What causes hearing loss as we age?
As we get older, many of us experience age related hearing loss. This of course can be challenging, as many of life’s pleasures – from listening to music to conversing with our loved ones – rely on our ability to hear. In this guide, we’ll explore what happens to our hearing as we get older, and some of the ways of identifying hearing loss symptoms so you can get the support you need.
A hearing impairment, or hearing loss, refers to the reduced ability to hear sounds. Hearing impairments are common among older people; in fact, more than 40% of Britons over the age of 50 have hearing loss, according to Royal National Institute for Deaf People (RNID) estimates based on ONS figures.
During the ageing process, damage to the sensory cells in our inner ear ultimately causes hearing loss. However, there may be lifestyle factors that can cause hearing loss at any age; for example, you may have a job or hobby that exposes you to loud noise over a sustained period. Additionally, hearing loss can be associated with underlying medical factors, such as a family history of hearing loss, ear infections, or conditions like tinnitus, where people experience a persistent ringing or buzzing sound.
Hearing impairments can be caused by many factors, among them old age. If you’re experiencing gradual hearing loss in both ears, this might be attributable to the ageing process. But what are the other signs of hearing loss? Watch out for these clues:
- You struggle to hear what other people around you are saying
- Other people sometimes think you’re not listening when they speak
- You find yourself asking others to repeat themselves or speak more loudly
- You’re using a louder TV or radio volume than before
- You find it difficult to make out words while in a noisy or crowded place.
In addition, there are other hearing loss symptoms which are treatable and not necessarily connected with age. For example, if you have difficulty hearing in one ear, this may indicate an ear infection or earwax build-up. Alternatively, sudden hearing loss could be a sign of a perforated eardrum.
Avoid loud noise
From fireworks displays to football stadiums, some activities are simply noisier than others. You may wish to avoid these events or wear protective earplugs.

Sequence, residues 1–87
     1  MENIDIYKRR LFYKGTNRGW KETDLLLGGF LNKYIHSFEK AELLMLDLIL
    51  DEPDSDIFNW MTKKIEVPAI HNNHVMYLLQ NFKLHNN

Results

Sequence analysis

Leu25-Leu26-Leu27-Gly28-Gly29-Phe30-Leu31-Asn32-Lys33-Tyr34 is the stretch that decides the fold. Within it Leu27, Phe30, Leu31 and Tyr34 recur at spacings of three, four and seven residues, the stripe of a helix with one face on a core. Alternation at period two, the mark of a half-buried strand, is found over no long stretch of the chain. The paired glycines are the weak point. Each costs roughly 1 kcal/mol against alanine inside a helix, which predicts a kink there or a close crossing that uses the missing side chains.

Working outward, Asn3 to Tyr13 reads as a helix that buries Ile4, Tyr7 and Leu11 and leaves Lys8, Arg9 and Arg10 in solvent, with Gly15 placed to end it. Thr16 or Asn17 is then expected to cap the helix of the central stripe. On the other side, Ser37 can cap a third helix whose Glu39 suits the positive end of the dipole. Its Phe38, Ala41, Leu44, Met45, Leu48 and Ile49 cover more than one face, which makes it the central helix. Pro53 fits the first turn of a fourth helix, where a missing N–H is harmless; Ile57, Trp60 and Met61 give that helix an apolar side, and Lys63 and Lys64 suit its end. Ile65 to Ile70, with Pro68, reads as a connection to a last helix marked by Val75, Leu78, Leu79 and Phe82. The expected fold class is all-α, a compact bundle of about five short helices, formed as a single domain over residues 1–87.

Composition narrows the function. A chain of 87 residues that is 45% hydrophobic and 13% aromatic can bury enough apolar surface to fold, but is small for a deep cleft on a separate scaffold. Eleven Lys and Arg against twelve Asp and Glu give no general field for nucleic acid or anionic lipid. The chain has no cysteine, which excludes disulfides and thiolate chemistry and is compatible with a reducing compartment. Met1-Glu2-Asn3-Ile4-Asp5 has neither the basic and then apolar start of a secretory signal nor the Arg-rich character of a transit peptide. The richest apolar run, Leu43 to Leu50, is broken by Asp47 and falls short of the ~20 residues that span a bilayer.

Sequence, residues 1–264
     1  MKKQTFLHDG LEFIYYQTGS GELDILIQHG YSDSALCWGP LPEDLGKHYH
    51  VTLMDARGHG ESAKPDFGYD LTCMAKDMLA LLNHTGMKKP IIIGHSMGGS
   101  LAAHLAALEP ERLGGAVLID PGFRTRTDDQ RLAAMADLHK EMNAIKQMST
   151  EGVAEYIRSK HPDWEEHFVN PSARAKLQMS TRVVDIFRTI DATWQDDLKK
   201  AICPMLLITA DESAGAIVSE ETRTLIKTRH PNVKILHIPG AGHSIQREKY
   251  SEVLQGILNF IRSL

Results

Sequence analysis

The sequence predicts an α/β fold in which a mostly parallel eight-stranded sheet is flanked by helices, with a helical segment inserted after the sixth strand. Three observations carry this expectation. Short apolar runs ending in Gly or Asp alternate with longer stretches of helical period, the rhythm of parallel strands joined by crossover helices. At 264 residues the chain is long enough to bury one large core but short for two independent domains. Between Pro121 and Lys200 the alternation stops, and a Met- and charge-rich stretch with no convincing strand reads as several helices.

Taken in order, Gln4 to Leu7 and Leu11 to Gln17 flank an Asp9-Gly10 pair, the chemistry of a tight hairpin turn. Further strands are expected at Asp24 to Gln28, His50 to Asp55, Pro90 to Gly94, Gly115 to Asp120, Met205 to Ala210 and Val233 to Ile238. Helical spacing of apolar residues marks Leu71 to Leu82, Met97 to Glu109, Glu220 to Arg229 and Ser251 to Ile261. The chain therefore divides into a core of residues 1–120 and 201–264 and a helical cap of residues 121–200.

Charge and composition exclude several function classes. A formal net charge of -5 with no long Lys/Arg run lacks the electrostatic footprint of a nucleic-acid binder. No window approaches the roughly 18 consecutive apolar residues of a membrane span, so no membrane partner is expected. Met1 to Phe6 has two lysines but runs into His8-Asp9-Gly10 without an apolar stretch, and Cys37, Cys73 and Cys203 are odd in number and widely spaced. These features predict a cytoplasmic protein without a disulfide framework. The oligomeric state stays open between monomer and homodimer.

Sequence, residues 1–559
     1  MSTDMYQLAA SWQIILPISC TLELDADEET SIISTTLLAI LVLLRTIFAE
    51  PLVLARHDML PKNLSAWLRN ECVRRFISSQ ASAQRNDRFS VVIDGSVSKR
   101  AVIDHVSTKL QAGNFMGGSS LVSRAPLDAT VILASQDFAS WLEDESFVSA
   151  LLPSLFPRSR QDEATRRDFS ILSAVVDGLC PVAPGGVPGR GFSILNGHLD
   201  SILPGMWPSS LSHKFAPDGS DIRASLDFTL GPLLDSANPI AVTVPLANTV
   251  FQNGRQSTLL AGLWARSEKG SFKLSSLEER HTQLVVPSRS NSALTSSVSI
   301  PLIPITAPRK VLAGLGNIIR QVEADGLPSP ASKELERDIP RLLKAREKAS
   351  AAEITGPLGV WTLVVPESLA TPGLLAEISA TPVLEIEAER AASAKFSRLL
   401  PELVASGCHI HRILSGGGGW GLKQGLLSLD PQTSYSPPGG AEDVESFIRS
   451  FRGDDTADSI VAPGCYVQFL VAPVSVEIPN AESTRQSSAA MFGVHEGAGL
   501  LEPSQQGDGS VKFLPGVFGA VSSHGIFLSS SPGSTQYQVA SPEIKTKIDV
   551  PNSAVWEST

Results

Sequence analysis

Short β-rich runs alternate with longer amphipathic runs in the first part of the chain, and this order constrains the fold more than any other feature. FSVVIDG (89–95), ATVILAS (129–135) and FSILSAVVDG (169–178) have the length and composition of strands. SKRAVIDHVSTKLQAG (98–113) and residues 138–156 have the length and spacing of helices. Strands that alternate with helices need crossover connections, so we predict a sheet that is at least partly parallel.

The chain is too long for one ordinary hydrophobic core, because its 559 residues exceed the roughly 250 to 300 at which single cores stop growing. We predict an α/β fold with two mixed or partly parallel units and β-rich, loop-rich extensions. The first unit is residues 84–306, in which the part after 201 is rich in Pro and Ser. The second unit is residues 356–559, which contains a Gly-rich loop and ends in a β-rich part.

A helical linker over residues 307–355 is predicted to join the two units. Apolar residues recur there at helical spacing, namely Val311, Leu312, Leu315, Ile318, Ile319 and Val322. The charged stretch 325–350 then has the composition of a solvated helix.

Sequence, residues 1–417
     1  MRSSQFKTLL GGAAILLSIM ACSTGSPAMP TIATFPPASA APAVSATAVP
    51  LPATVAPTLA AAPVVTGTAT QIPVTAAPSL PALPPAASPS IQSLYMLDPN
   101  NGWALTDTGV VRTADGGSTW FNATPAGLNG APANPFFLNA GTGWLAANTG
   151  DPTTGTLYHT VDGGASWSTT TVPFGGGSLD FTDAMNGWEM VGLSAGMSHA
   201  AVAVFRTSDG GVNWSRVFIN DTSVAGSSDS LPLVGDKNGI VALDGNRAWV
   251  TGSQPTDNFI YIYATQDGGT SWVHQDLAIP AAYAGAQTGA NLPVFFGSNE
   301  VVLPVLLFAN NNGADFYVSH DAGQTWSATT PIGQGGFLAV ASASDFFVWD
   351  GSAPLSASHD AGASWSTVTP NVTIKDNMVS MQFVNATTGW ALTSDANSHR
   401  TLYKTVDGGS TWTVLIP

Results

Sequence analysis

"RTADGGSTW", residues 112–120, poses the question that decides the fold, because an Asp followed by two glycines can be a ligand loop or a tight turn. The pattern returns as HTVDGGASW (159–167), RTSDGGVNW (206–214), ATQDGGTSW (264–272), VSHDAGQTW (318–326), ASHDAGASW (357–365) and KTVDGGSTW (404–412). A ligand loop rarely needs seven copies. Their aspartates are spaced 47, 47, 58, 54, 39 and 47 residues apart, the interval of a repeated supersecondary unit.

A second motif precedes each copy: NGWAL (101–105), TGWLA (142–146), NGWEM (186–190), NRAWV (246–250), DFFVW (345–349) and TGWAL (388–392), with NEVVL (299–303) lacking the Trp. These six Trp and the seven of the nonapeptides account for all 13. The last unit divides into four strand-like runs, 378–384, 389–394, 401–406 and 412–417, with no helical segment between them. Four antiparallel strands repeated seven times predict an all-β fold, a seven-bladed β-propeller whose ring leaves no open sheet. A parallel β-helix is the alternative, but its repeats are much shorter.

The hair cells in your inner ear require a healthy blood flow, so regular exercise and a balanced diet can work in your favour when it comes to protecting against hearing loss.
Review any prescription drugs
According to RNID, there are more than 100 ototoxic drugs whose side effects can include hearing loss. If you have any concerns that your medicine intake is affecting your hearing, you should speak to your GP.
How to register as deaf or hard of hearing
While there is no obligation to register as deaf or hard of hearing, if you're concerned about your hearing loss symptoms you should visit your GP for an initial assessment, they may refer your to an audiologist for specialist support.
Following this, your audiologist may issue you with audiogram if your hearing loss is significant; you can share this with your local authority, which may entitle you to concessions such as tax allowances and free public transport.
You can also call 111 or get help from 111 online if you want to discuss your symptoms with a medical professional.
No one should feel they’re unable to get the support they need if they’re experiencing hearing loss. Below, we’ve listed some handy resources to help you get some additional assistance:
- The NHS has on online information on hearing loss causes and symptoms. You can also search the NHS website for hearing impairment support services in your area.
- RNID (Royal National Institute for Deaf People) have an online hearing check, and they publish communication tips for people with hearing impairments.
- Hearing Link hosts in-person groups for those experiencing hearing loss.